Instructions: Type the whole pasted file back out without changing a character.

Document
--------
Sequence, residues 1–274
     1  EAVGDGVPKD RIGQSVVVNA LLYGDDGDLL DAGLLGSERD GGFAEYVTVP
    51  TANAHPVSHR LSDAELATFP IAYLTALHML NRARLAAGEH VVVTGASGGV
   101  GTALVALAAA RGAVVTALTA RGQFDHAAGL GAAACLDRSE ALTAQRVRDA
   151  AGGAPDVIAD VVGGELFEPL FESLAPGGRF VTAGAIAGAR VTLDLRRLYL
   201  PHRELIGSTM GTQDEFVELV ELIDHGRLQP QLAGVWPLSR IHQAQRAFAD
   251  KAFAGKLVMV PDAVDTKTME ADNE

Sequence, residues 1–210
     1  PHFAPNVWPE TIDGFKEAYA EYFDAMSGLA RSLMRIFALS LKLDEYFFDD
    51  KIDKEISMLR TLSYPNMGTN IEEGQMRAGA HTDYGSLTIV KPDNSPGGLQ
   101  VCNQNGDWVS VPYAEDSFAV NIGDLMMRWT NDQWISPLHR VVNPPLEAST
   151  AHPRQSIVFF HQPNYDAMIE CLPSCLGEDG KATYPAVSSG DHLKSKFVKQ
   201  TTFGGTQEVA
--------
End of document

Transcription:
Sequence, residues 1–274
     1  EAVGDGVPKD RIGQSVVVNA LLYGDDGDLL DAGLLGSERD GGFAEYVTVP
    51  TANAHPVSHR LSDAELATFP IAYLTALHML NRARLAAGEH VVVTGASGGV
   101  GTALVALAAA RGAVVTALTA RGQFDHAAGL GAAACLDRSE ALTAQRVRDA
   151  AGGAPDVIAD VVGGELFEPL FESLAPGGRF VTAGAIAGAR VTLDLRRLYL
   201  PHRELIGSTM GTQDEFVELV ELIDHGRLQP QLAGVWPLSR IHQAQRAFAD
   251  KAFAGKLVMV PDAVDTKTME ADNE

Sequence, residues 1–210
     1  PHFAPNVWPE TIDGFKEAYA EYFDAMSGLA RSLMRIFALS LKLDEYFFDD
    51  KIDKEISMLR TLSYPNMGTN IEEGQMRAGA HTDYGSLTIV KPDNSPGGLQ
   101  VCNQNGDWVS VPYAEDSFAV NIGDLMMRWT NDQWISPLHR VVNPPLEAST
   151  AHPRQSIVFF HQPNYDAMIE CLPSCLGEDG KATYPAVSSG DHLKSKFVKQ
   201  TTFGGTQEVA